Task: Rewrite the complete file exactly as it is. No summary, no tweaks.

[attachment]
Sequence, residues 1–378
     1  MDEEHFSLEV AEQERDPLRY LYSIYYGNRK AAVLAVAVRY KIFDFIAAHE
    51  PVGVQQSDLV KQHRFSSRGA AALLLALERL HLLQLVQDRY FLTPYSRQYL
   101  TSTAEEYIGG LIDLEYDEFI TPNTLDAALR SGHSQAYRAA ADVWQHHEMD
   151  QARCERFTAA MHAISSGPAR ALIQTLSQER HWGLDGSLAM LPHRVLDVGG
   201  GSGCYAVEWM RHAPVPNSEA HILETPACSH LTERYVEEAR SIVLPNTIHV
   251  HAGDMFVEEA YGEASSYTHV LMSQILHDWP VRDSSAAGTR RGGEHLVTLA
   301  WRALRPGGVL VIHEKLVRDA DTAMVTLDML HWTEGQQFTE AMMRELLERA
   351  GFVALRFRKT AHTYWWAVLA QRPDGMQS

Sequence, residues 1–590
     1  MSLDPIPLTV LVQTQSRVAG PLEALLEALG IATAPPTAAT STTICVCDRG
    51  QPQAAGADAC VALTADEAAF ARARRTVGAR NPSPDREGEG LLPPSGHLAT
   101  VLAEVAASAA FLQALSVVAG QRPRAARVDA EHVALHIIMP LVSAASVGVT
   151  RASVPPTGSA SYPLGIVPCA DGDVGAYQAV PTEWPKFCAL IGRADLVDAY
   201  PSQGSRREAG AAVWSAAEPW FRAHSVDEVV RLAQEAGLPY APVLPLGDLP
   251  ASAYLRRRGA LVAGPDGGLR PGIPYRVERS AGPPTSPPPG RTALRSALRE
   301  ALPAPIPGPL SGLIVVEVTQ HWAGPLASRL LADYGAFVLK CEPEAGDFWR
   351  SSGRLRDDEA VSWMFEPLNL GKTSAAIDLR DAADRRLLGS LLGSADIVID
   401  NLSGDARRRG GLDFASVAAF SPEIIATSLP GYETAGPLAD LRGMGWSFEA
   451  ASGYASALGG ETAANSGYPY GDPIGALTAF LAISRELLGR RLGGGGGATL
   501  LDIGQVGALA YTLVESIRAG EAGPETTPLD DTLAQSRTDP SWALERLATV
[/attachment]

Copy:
Sequence, residues 1–378
     1  MDEEHFSLEV AEQERDPLRY LYSIYYGNRK AAVLAVAVRY KIFDFIAAHE
    51  PVGVQQSDLV KQHRFSSRGA AALLLALERL HLLQLVQDRY FLTPYSRQYL
   101  TSTAEEYIGG LIDLEYDEFI TPNTLDAALR SGHSQAYRAA ADVWQHHEMD
   151  QARCERFTAA MHAISSGPAR ALIQTLSQER HWGLDGSLAM LPHRVLDVGG
   201  GSGCYAVEWM RHAPVPNSEA HILETPACSH LTERYVEEAR SIVLPNTIHV
   251  HAGDMFVEEA YGEASSYTHV LMSQILHDWP VRDSSAAGTR RGGEHLVTLA
   301  WRALRPGGVL VIHEKLVRDA DTAMVTLDML HWTEGQQFTE AMMRELLERA
   351  GFVALRFRKT AHTYWWAVLA QRPDGMQS

Sequence, residues 1–590
     1  MSLDPIPLTV LVQTQSRVAG PLEALLEALG IATAPPTAAT STTICVCDRG
    51  QPQAAGADAC VALTADEAAF ARARRTVGAR NPSPDREGEG LLPPSGHLAT
   101  VLAEVAASAA FLQALSVVAG QRPRAARVDA EHVALHIIMP LVSAASVGVT
   151  RASVPPTGSA SYPLGIVPCA DGDVGAYQAV PTEWPKFCAL IGRADLVDAY
   201  PSQGSRREAG AAVWSAAEPW FRAHSVDEVV RLAQEAGLPY APVLPLGDLP
   251  ASAYLRRRGA LVAGPDGGLR PGIPYRVERS AGPPTSPPPG RTALRSALRE
   301  ALPAPIPGPL SGLIVVEVTQ HWAGPLASRL LADYGAFVLK CEPEAGDFWR
   351  SSGRLRDDEA VSWMFEPLNL GKTSAAIDLR DAADRRLLGS LLGSADIVID
   401  NLSGDARRRG GLDFASVAAF SPEIIATSLP GYETAGPLAD LRGMGWSFEA
   451  ASGYASALGG ETAANSGYPY GDPIGALTAF LAISRELLGR RLGGGGGATL
   501  LDIGQVGALA YTLVESIRAG EAGPETTPLD DTLAQSRTDP SWALERLATV